Yesterday The Sunday Times ran another story on BT buying a Mobile Network for £10bn. The story outlined the options faced by the CEO and his team without asking the questions a shareholder might want answered.
If the Mobile sector offers such riches to BT why are the two largest Networks prepared to pull up sticks and exit the market?
How do the Customers of EE or O2 overlap with those of BT and are they likely to remain given a change of ownership?
If BT were to buy either Network what will be the response of OFCOM when it comes to regulation?
After 14 years not managing Mobile Infrastructure Assets does BT have the Management expertise needed to make a return on the Investment given the vast changes over that period?
On the basis of just these questions then the rational response is thanks for the opportunity but I think BT is better served NOT doing the deal. Those likely to benefit from any deal in the short term will be Investment Bankers, Lawyers and Accountants who will be able to charge large fees for the transaction. In the medium term the beneficiaries are likely to be the rivals of BT.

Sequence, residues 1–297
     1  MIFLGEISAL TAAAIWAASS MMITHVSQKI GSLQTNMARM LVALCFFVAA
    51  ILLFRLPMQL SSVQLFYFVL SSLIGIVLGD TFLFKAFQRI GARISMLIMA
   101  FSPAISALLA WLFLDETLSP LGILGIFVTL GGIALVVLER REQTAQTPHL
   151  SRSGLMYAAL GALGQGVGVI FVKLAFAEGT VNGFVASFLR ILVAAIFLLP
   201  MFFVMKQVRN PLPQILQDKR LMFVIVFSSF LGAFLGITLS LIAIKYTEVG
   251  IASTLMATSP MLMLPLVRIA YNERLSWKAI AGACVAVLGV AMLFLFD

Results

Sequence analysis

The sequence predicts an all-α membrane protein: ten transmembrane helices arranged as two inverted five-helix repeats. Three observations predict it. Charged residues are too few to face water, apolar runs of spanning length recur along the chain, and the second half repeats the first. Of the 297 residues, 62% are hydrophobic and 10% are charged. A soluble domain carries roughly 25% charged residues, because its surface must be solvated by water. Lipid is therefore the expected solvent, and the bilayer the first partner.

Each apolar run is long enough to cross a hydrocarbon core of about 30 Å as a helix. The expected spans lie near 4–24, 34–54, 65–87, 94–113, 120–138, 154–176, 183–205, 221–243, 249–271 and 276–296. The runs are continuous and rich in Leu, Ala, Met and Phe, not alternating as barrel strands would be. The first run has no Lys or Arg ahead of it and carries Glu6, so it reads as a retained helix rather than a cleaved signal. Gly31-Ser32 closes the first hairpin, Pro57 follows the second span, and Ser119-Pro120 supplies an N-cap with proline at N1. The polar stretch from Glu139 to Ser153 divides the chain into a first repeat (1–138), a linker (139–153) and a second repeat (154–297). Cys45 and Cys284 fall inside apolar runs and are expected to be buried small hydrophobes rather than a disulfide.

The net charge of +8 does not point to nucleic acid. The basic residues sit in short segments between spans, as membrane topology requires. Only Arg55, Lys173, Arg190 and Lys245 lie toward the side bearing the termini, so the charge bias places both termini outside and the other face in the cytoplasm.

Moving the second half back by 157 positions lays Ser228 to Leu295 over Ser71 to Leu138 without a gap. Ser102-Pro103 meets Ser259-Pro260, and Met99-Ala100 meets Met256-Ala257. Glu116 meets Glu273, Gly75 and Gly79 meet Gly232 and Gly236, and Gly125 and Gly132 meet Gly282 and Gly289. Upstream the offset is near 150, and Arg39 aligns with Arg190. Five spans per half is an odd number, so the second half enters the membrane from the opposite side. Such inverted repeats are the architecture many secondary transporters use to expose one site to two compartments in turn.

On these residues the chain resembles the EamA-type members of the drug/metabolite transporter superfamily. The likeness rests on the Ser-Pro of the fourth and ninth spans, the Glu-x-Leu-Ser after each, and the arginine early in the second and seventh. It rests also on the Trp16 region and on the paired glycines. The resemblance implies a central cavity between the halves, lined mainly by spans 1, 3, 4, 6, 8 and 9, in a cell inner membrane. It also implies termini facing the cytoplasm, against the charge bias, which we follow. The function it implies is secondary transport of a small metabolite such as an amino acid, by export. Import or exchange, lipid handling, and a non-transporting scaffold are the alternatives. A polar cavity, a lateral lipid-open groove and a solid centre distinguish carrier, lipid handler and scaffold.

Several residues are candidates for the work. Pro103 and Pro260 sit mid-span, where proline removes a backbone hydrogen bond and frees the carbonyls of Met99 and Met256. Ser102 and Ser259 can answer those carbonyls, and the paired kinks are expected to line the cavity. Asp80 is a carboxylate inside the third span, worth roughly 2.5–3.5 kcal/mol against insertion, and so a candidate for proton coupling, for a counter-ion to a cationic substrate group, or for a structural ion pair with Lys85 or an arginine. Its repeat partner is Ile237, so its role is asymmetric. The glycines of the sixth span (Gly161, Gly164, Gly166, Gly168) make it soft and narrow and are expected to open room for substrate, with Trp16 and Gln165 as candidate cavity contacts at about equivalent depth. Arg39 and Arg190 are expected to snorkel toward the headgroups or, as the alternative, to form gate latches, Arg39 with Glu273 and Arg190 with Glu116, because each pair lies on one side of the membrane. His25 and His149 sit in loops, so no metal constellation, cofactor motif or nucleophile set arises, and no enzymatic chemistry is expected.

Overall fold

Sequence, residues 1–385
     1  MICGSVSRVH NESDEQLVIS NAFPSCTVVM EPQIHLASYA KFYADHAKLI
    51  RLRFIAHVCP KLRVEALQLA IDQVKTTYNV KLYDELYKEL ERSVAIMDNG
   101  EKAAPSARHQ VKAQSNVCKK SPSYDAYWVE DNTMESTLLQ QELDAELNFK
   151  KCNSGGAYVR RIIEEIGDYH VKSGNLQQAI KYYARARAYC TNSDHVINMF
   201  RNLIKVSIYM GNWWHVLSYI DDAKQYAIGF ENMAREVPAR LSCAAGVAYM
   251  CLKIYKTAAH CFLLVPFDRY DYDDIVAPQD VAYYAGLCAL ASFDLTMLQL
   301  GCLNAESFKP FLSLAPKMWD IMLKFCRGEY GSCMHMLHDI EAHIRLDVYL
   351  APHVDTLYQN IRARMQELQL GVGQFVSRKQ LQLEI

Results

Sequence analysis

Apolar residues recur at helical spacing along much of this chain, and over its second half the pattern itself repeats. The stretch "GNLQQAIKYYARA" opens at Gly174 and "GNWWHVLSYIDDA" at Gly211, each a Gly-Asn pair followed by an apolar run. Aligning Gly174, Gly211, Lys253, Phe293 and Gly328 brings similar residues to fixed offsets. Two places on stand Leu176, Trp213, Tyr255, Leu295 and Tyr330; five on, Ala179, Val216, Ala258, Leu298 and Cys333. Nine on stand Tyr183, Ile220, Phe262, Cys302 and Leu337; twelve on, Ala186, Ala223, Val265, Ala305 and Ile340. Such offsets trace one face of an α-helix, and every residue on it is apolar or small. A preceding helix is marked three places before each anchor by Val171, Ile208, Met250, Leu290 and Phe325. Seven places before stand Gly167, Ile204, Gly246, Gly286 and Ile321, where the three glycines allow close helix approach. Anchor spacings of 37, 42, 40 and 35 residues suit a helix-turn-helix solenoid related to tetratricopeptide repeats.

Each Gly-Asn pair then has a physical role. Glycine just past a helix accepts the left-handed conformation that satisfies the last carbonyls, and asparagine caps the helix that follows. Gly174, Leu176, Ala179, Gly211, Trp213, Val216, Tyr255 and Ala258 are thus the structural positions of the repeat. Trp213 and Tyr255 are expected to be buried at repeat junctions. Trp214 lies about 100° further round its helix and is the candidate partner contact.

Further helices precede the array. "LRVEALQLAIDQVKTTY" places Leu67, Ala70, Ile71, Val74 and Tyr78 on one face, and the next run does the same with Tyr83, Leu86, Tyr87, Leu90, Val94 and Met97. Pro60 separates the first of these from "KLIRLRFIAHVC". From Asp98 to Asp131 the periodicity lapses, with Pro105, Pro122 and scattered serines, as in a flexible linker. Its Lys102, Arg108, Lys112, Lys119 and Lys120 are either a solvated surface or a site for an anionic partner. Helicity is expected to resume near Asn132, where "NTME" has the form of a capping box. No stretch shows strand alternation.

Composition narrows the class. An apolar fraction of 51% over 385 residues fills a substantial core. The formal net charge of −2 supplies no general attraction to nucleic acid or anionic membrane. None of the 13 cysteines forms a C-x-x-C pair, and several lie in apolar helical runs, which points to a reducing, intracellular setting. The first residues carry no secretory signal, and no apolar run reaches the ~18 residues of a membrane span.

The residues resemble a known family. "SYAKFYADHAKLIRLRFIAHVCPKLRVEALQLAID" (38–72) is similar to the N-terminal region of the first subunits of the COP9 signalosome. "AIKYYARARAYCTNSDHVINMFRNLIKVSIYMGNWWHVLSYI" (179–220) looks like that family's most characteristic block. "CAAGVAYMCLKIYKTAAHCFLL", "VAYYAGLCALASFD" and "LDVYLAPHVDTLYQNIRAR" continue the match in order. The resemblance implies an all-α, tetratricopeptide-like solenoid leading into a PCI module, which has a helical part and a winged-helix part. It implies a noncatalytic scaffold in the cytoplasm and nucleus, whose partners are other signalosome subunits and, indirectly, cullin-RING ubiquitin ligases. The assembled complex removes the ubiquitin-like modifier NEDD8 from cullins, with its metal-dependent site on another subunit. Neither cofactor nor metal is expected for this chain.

If the deal were to work for BT it would have to be able to convince the Consumer that buying all your connectivity requirements from a single provider is worth paying a premium for rather than a discount. It would need to hire Executives capable of building and running Mobile Networks and then given them the space and power to do so rather than hamstringing them as a subsidiary of an Operating Unit. Whilst spending vast sums on Marketing and Engineering in the Mobile Business it would need to also do so in the Fixed Business or face Investigation and Sanctions by OFCOM and Politicians. These challenges are greater than those faced by the Board in the Dot.com era when failure saw the sale of Cellnet.